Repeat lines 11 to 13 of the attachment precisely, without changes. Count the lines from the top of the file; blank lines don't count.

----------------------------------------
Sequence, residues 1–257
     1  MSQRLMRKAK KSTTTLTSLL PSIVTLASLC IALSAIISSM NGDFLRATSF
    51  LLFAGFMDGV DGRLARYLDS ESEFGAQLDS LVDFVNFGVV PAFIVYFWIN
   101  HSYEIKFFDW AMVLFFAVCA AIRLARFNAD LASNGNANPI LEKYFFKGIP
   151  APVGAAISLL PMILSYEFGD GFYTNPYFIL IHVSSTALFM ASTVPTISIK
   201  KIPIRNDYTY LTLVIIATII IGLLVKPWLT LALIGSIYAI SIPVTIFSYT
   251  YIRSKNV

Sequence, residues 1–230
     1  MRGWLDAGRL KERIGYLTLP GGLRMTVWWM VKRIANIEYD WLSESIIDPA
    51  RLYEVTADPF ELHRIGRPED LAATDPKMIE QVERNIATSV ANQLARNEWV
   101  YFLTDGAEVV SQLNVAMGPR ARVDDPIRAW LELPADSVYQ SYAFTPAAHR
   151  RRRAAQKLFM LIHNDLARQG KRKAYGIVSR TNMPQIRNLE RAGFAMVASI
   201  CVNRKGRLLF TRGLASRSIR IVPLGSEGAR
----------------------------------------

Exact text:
   101  YFLTDGAEVV SQLNVAMGPR ARVDDPIRAW LELPADSVYQ SYAFTPAAHR
   151  RRRAAQKLFM LIHNDLARQG KRKAYGIVSR TNMPQIRNLE RAGFAMVASI
   201  CVNRKGRLLF TRGLASRSIR IVPLGSEGAR